Chapter Fourteen
The Tawana1

The Tawana, the ruling tribe of Ngamiland, owe their existence as a tribe to a quarrel between Kgama I and Tawana, sons of the Ngwato chief Mathiba (c. 1770--c. 1795). Mathiba, being suspicious of his heir, Kgama, favoured his younger son Tawana and relations between the two brothers became so strained that eventually Tawana, with quite a large following, moved away with a section of the tribe.2 They made for the Botletle River which they followed for a distance and then branched off to the Kgwebe Hills.

Tawana had taken with him his younger brother and Kgama set off in pursuit in order to bring the boy back. When Tawana heard that Kgama was following him he left the boy at Kedia, where he was found by Kgama and taken home, while Tawana pursued his way unmolested to the Kgwebe Hills. They found these hills occupied by Kgalagadi whom they drove out, and taking possession of the wells, established a village there. The date when Tawana arrived at the Kgwebe Hills was possibly about 1795.

The Tawana made their home at the Kgwebe Hills for a long time, though Lake Ngami, with its plentiful water, was only about twenty miles away. It has been suggested that they were afraid of rivers, being unused to them, and it is probable that they may have been prone to malaria. At Lake Ngami the Tawana found the Yei or Kuba under their chief Sankotse. It seems that at that time the Tawana treated the Yei as equals and did not bring them to subjection till later.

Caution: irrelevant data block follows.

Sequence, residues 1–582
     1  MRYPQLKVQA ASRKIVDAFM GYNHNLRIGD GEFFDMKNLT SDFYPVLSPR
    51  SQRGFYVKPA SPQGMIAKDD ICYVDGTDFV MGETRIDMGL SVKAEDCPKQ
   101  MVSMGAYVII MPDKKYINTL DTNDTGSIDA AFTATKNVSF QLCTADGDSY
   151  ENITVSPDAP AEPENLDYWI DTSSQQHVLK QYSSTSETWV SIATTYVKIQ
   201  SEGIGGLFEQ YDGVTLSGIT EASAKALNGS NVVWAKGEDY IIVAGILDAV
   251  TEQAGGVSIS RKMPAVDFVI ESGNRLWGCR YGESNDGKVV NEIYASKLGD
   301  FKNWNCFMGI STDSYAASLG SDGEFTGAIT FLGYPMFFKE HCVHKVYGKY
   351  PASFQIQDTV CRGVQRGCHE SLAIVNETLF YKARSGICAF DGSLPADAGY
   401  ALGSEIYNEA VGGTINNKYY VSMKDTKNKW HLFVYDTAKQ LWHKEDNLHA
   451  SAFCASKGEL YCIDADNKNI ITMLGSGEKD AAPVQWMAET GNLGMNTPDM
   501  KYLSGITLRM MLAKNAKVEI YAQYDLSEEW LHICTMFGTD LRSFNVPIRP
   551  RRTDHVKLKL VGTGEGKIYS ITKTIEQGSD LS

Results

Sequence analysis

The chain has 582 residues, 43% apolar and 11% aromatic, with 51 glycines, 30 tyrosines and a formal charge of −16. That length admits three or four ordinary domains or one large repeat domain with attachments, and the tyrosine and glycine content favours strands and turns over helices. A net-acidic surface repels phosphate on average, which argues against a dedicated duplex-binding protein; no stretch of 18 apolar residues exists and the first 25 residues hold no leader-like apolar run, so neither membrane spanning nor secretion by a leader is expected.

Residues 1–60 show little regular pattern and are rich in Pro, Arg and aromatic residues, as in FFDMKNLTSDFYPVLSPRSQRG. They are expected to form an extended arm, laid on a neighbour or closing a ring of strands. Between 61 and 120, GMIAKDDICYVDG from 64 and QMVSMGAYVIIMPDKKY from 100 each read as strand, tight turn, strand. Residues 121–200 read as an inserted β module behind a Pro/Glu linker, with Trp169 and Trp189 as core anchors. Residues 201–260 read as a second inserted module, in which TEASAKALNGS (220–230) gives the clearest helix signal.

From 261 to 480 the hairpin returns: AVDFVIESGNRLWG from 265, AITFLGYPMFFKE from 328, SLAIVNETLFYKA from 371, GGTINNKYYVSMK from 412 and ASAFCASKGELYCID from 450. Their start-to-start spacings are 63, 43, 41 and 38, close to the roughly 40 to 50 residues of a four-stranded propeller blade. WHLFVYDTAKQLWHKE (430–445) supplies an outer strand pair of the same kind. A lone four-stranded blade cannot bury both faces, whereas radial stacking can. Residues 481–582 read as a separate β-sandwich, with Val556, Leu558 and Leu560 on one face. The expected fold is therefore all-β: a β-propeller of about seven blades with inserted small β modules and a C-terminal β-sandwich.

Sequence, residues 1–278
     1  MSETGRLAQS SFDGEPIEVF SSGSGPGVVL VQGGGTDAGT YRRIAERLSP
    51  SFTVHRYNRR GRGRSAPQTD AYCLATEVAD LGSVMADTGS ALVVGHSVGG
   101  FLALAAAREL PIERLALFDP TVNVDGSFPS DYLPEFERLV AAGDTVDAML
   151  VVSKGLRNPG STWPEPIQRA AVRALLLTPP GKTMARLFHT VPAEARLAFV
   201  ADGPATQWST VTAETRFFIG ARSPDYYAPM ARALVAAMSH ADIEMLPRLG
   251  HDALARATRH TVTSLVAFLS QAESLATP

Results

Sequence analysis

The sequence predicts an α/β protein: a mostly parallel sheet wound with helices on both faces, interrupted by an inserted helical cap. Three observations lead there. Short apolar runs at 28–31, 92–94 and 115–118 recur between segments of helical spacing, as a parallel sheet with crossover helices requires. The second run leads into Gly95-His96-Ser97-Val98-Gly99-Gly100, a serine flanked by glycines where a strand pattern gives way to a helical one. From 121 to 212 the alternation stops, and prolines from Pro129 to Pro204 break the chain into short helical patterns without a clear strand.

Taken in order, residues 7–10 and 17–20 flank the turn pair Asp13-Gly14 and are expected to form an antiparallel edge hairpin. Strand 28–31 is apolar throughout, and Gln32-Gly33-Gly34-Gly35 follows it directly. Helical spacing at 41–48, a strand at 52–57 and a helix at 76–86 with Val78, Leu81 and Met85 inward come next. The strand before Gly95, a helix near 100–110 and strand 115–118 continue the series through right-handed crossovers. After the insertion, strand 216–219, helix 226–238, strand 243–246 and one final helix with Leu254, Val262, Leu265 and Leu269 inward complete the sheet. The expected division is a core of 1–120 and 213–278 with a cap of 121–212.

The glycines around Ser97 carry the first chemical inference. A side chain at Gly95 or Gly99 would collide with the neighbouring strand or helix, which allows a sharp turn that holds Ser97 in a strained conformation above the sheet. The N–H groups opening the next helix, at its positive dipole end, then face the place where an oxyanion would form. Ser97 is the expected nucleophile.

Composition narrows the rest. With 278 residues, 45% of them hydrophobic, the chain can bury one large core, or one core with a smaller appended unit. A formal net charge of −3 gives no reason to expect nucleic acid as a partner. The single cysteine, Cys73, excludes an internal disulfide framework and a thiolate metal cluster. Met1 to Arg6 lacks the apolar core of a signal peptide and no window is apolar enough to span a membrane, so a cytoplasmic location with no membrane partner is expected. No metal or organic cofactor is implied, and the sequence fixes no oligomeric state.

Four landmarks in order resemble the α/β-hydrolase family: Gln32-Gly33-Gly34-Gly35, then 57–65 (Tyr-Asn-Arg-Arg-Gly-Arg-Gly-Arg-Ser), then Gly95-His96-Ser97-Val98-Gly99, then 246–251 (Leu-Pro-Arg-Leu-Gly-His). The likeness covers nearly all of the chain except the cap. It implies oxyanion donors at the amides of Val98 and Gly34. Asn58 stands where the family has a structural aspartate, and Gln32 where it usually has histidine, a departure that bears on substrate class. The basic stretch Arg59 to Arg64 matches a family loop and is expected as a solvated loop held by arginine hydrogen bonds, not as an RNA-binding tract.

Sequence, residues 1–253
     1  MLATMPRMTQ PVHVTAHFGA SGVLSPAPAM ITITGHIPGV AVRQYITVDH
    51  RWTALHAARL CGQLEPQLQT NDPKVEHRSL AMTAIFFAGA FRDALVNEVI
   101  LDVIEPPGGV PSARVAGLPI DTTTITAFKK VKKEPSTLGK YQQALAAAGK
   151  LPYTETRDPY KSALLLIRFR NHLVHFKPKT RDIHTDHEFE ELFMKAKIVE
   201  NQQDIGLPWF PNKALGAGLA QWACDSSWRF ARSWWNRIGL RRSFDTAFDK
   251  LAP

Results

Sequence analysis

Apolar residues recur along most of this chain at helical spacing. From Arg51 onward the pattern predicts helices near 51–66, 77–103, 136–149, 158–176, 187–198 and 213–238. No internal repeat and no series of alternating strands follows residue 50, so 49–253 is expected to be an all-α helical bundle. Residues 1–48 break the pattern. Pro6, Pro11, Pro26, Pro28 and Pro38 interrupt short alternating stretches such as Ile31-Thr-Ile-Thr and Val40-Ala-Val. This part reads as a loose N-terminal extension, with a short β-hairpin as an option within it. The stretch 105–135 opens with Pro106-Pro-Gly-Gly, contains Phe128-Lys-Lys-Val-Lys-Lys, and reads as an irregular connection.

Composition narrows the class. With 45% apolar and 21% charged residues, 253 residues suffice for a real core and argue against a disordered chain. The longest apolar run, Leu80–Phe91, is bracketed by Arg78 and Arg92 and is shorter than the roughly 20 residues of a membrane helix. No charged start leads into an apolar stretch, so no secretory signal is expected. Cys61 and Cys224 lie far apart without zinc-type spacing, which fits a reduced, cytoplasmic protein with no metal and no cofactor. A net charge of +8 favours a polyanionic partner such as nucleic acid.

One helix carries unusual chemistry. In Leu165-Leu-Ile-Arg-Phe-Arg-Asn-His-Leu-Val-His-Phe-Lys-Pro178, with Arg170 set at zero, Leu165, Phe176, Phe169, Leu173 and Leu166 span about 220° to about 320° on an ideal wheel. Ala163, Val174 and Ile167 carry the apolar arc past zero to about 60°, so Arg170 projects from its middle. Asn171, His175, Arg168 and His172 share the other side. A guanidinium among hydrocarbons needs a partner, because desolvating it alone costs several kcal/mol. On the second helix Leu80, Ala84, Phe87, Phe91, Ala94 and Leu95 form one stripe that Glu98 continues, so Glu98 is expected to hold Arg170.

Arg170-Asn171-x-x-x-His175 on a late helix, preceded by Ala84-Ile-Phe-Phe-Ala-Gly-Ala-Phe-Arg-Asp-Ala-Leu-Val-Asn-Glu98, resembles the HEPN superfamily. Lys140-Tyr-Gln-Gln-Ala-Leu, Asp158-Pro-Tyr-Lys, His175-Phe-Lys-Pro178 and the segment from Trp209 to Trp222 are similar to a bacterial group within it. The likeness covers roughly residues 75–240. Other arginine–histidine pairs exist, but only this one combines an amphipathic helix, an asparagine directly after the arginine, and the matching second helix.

Tawana, who was about 30 years of age when he left the Ngwato, was killed by his son Moremi I about 1820. During part of his reign at least, his father Mathiba came to live with him, but on falling into disfavour returned to the Ngwato country where his elder son Kgama rejected him and told him to go back to Tawana. Tradition has it that Mathiba then committed suicide. During the latter part of Tawana's reign Kgari, successor to Kgama I as chief of the Ngwato, attacked the Tawana but was repulsed.

Calamity came upon the Tawana during the reign of Moremi. They were attacked at Kgwebe by Sebetwane and his Fokeng or Kololo, robbed of their stock and driven away.3

After scattering the Tawana, Sebetwane then passed on into

____________________
1
Sources: Nettelton, 'History of the Ngamiland Tribes'; Mafeking Registry file series 5124, file 7825/90.
2
See also p. 117.
3
Nettelton gives the date of Sebetwane's attack as 1825. Sebetwane started from the Western Transvaal in 1823 and did not move north from the Kwena country until 1826 (p. 185), while his victorious march through the country of the Ngwato may not have been until 1828. We cannot therefore date the invasion of Ngamiland earlier than 1828.

-144-

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